There should be more than one way to do it in Python

Python has a philosophy of ‘There should be one– and preferably only one –obvious way to do it’ (http://www.python.org/dev/peps/pep-0020/) rather then Perl’s ‘There’s more than one way to do it’ (Programming Perl Third Edition, Larry Wall et al.). This is great, in theory – it leads to greater consistency between disparate programs and makes it easier for individual programmers to pick up someone else’s code.

The problem comes where the obvious way is not, for whatever reason, the practical way. For example, the obvious way to test if a string begins with another string is to use "string1".startswith("string2"). This is, however, significantly less performant than doing "string1"[7:] == "string2" which means when doing a large number of these tests you have to use this form, despite it not being the obvious method.

Unless you are familiar with Python’s sequence slicing syntax (http://docs.python.org/library/stdtypes.html#typesseq) I do not find "string1"[7:] to be obvious (even though I would expect most programmers to be able to hazard a, probably correct, guess to what it does), which means I would precede that line with a # Check if string1 starts with "string2". When I feel the need to comment on a specific line of code it is usually because I do not think what it is doing is sufficiently obvious, which means it violates Python’s ‘There should be one– and preferably only one –obvious way to do it’.

3 thoughts on “There should be more than one way to do it in Python”

  1. Pretty sure you mean “string1″[:7]. The irony.

    Another way of handling this would be to write a starts_with function and call that; you could then document the reason in that function, away from the uses of it.

  2. Yes I did, which kinda proves the point that it’s not obvious unless you are familiar with Python (I just re-read the doc I linked to which describes the string slicing syntax and was not 100% sure myself which way round it was untill I tested it!).

    Your suggestion (which I will have to try from a performance testing point of view) brings up another interesting ‘pythonic’ quirk – Python does not allow manipulating its inbuilt objects (where as Ruby does, for example) so I cannot simply add a new method to ‘str’ (called, say, ‘faststartswith’). I can see why this is the case – the idea of changing the implementation of a core language object makes me shudder and would be fraught with danger if something critical was “tweaked”.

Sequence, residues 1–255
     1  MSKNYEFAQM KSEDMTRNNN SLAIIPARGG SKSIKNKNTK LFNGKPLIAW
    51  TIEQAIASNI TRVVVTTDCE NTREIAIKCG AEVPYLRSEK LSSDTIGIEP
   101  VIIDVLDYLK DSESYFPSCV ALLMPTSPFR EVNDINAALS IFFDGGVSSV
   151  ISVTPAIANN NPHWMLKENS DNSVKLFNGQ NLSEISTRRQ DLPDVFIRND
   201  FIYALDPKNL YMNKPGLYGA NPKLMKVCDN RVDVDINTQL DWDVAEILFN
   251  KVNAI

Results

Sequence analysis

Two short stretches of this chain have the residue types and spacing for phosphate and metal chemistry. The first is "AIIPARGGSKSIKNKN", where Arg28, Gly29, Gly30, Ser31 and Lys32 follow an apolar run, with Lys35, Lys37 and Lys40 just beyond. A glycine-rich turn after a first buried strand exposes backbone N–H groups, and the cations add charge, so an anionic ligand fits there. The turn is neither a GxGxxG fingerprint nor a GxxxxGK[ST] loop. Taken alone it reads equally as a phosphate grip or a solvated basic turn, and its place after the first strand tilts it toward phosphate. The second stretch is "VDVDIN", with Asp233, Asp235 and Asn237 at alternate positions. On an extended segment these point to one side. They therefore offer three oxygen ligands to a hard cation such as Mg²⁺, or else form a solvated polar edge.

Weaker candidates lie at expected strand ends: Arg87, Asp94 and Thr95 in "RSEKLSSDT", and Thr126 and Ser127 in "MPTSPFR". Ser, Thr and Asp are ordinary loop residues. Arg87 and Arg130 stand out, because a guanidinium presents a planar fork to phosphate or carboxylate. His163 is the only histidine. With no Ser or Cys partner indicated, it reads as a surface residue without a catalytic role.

The point is, we have just discussed 3 different ways of performing the same task. One is clearly the pythonic “obvious” way (str.startswith inbuilt) but, for performance reasons, maybe undesirable – certainly in cases where I’m crunching data and need to check of the order of thousands or millions of strings. The other two are, in my opinion, perfectly acceptible solutions but the mear fact of their existance and desirability in this use case flys in the face of Python’s “There should be one […] obvious way to do it”. In summary; I think this philosophy is wrong.

  3. I’ve done a quick test (code below) which shows that adding another method which wraps the slicing method in a generic way is even less performant than using the inbuilt str.startswith method. I can’t say I’m surprised.It looks to me that Python’s method calling overheads are quite significant.

    The output was:

    > python -mcProfile test.py /tmp
    Running test startswith
    469
    Running test slicing
    469
    Running test method
    469
    slicing: 6s
    startswith: 14s
    method: 19s
    __main__: 40s
    63384348 function calls in 40.119 seconds

    Ordered by: standard name

    ncalls tottime percall cumtime percall filename:lineno(function)
    1 6.369 6.369 6.369 6.369 test.py:17(slicing)
    21128110 7.735 0.000 9.606 0.000 test.py:29(starts_with)
    1 0.001 0.001 40.119 40.119 test.py:3()
    1 9.688 9.688 19.294 19.294 test.py:32(method)
    1 9.049 9.049 14.455 14.455 test.py:9(startswith)
    21128111 1.871 0.000 1.871 0.000 {len}
    1 0.000 0.000 0.000 0.000 {method 'disable' of '_lsprof.Profiler' objects}
    1 0.000 0.000 0.000 0.000 {method 'keys' of 'dict' objects}
    21128110 5.406 0.000 5.406 0.000 {method 'startswith' of 'str' objects}
    3 0.000 0.000 0.000 0.000 {open}
    8 0.000 0.000 0.000 0.000 {time.time}

    The code is:


    #!/usr/bin/env python

    from time import time

    FILE="/Volumes/Macintosh HD/tmp/huge_mbox_file"
    SEARCH_STRING="From "

    def startswith():
    count=0
    with open(FILE) as f:
    for line in f:
    if line.startswith(SEARCH_STRING):
    count = count + 1
    print count

    def slicing():
    count=0
    # Yes, this is an optimisation to avoid calling len > 21million times
    # HOWEVER if we were using slicing in a tight loop for a specific search
    # string the length would be known and could be hard coded.
    search_len=len(SEARCH_STRING)
    with open(FILE) as f:
    for line in f:
    if line[:search_len] == SEARCH_STRING:
    count = count + 1
    print count

    def starts_with(haystack, needle):
    return haystack[:len(needle)] == needle

    def method():
    count=0
    with open(FILE) as f:
    for line in f:
    if starts_with(line, SEARCH_STRING):
    count = count + 1
    print count

    if __name__ == '__main__':
    starttimes={}
    endtimes={}

    starttimes['__main__']=time()

    for method_ in (startswith, slicing, method):
    print "Running test %s" % method_.__name__
    starttimes[method_.__name__]=time()
    method_()
    endtimes[method_.__name__]=time()

    endtimes['__main__']=time()

    for key in starttimes.keys():
    print "%10s: %ds" % (key, endtimes[key] - starttimes[key])

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